Cory Epps blames his nearly 20 years of wrongful imprisonment on the Buffalo Police detectives who handled his case.
Epps, who was convicted of murder but later exonerated, points to "wrongdoing" by homicide detectives in a new civil lawsuit seeking unspecified damages from the city.
In the suit, Epps said the police suppressed important evidence, including a witness statement implicating the real murderer.
"As a result of the police misconduct, Epps spent two decades in jail," his lawyers said in court papers.
The city declined to comment on the allegations, but is expected to challenge them as part of the former inmate's federal court lawsuit.
Now 47, Epps, a married father of three and grandfather of four, was found responsible for the road rage killing of Tameka Means in 1997 and sentenced to 25 years to life in prison.
At the time, he proclaimed his innocence and told his family, don't worry about it, "The Lord's going to take care of it."
Twenty years later, with the help of the Exoneration Initiative, a New York City group that assists people wrongfully convicted, Epps was freed.
"I feel vindicated," he said at the time. "God gave the judge the truth. I am just looking to get my life back."
During his murder trial, Epps claimed he was at a Perkins restaurant with his wife at the time of the killing and produced evidence, including a receipt detailing what they ate that night.
The prosecution countered with a witness, the woman who was a passenger in Means' car, who identified Epps as the one who shot her friend in the head.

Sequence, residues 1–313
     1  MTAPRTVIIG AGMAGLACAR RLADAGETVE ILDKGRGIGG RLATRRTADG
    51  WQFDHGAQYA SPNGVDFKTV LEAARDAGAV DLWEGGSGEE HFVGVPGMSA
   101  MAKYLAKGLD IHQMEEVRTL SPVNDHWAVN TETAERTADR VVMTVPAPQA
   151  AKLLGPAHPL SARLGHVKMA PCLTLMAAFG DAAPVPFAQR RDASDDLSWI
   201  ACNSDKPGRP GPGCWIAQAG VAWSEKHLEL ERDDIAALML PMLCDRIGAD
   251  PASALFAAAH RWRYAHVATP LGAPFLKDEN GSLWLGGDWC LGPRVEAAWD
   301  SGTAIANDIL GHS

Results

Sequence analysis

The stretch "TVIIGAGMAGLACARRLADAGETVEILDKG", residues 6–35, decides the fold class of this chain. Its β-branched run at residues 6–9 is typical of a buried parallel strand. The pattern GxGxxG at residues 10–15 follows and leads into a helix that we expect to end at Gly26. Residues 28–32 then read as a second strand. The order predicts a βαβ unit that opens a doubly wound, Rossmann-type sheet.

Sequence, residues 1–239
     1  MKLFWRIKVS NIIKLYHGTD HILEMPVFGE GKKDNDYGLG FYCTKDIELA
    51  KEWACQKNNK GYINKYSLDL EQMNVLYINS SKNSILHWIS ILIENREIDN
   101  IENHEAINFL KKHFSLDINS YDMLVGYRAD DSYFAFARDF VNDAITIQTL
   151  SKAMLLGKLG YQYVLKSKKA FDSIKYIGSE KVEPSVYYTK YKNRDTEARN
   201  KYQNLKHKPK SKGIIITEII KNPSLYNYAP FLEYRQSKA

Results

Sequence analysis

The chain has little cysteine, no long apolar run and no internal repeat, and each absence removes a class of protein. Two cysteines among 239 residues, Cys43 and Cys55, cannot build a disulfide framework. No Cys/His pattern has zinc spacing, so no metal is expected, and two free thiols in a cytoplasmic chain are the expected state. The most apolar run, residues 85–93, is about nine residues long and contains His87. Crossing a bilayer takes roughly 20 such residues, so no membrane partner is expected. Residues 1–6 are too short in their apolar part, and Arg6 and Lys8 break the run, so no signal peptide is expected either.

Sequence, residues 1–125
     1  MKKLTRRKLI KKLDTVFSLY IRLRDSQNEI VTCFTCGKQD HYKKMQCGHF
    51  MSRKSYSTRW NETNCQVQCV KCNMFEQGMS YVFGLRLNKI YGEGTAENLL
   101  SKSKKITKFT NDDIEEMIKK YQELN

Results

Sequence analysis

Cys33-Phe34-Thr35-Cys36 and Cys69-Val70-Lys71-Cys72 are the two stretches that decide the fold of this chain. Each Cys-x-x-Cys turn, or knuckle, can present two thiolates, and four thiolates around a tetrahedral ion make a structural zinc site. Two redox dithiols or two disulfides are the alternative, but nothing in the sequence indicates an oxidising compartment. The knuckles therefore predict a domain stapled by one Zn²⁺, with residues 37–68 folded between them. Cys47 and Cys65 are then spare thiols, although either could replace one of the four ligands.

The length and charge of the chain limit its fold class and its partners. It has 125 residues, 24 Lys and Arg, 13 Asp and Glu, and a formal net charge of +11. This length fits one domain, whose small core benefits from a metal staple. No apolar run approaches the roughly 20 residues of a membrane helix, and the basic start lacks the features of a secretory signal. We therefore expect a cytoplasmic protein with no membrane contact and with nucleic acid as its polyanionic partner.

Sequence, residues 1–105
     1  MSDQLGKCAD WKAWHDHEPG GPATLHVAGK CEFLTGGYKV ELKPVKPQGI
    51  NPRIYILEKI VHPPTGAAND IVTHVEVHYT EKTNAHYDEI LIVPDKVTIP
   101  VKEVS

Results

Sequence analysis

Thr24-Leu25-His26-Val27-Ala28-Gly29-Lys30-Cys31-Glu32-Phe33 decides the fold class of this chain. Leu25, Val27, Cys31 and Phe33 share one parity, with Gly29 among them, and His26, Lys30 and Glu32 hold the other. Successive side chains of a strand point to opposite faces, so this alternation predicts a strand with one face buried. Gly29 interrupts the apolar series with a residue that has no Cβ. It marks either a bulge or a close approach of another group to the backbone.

Epps claims detectives learned of another suspect, Russell Montgomery, early on in their investigation but covered up evidence connecting him to the killing.
Convicted in 2000 for the murder of someone else, Montgomery is currently serving a 22 years to life sentence in prison.
During and after the trial, Epps' lawyer argued that Montomery was a viable suspect and that police detectives never followed leads connecting him to the killing.
In the lawsuit, Epps points to Montgomery's murder of Paul Pope and a statement from a witness who claims Montgomery admitted killing Means in a conversation with Pope.
"Had this evidence been disclosed to Epps and his trial counsel, Epps, who had a compelling alibi, would not have been convicted," the suit claims.
Means, a 26-year old Cheektowaga woman, was killed May 26, 1997, at the intersection of East Delavan Avenue and Chelsea Place.
Without naming Montgomery, prosecutors said at the time of Epps' release that there was new evidence of who killed Means 22 years ago.